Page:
This week, I celebrate two milestones: my wife’s and my 20th wedding anniversary and five years since we adopted our Lilly, the Boston terrier.
Now, these are hardly world records in either category. But they are monumental to someone who once thought he would always be alone because, well - he just didn’t know how to play well with others.
I used to believe that the prime ingredient in relationship longevity was struggle; one had to be willing to do battle at every turn to avoid getting swallowed up by another being. At best, partners coexisted.
Solid relationships do take a tremendous amount of work, but not the kind of work I thought. I did not learn until mid-life that success at togetherness is not about struggle - it’s about surrender. In my case it meant giving up my laundry lists about myself and others. To create a “forever endeavor” with my wife (and, later, our doggie daughter), I first had to accept myself for who I was.
This feat of surrender was more grueling than any of the several high-school brawls I was involved in almost half a century ago. Back then, I was really fighting myself and using my opponents’ fists to pound my imagined shortcomings into submission. I so hated who I was and believed I had to literally have a different kind of person beaten into me.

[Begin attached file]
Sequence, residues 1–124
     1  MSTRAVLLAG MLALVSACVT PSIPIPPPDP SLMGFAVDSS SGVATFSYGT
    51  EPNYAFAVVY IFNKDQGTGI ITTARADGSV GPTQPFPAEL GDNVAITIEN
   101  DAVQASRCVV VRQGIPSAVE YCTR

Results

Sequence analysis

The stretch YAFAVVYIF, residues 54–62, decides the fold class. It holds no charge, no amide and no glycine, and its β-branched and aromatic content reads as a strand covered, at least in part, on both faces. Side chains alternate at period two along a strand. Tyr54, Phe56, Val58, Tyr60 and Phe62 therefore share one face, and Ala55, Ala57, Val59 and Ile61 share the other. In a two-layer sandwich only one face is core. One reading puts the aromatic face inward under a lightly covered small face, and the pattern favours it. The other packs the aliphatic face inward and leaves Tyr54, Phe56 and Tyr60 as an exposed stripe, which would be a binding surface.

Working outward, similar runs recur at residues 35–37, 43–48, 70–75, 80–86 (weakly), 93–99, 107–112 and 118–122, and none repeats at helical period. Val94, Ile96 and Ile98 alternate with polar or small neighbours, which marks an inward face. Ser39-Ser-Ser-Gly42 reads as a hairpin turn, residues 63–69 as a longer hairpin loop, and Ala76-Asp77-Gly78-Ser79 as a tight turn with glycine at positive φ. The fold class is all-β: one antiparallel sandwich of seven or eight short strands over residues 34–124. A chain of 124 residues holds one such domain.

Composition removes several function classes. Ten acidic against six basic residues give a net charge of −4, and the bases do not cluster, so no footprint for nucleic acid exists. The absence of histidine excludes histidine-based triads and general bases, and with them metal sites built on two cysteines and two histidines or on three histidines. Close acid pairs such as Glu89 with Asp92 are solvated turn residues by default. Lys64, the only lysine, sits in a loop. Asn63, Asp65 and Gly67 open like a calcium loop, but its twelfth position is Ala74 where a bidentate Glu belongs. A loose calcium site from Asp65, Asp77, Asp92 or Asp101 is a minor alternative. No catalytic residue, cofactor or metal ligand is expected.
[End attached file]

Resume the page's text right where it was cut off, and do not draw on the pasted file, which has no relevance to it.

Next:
Thanks to lots of therapy (and a few psychotropic drugs), I became schooled in the more gentle art of self-persuasion. First, I had to decide that I was worth living for. Only then could I attract the kind of love that proves to be a vessel for growth. And that’s when the work really began.
The love that my wife and I share is only possible because we allow ourselves and each other to be exactly who we are - no more, no less. When we disagree (sometimes) or push each other’s buttons (a lot), we are more often than not able to step back and say, “Ah, there it is again. I’m pissed because I want him/her to be different.”
By unconditionally accepting both my wife and myself day after day, year in and year out, Lilly reveals the eternal genius in surrender. Since we adopted her, the love and acceptance my wife and I have for ourselves and each other has expanded to keep pace with the big bang.
Lilly is our model for undying affection. However long we’ve been away from her, she greets us with the same tap dance and squiggly butt. No matter what kind of day each of us has had, Lilly glues her hip to ours and still chooses us to play fetch or tug. When we say, “No” to her pleas for more chicken, she may sulk, but she never holds a grudge.
As more anniversaries pass, Lilly will show us how to age with grace and - eventually - how to die with dignity. She will forever demonstrate the beauty of what is.
Her brain may be he size of a plum. But in the ways of love and how to live together, Lilly is the wisest between the three of us.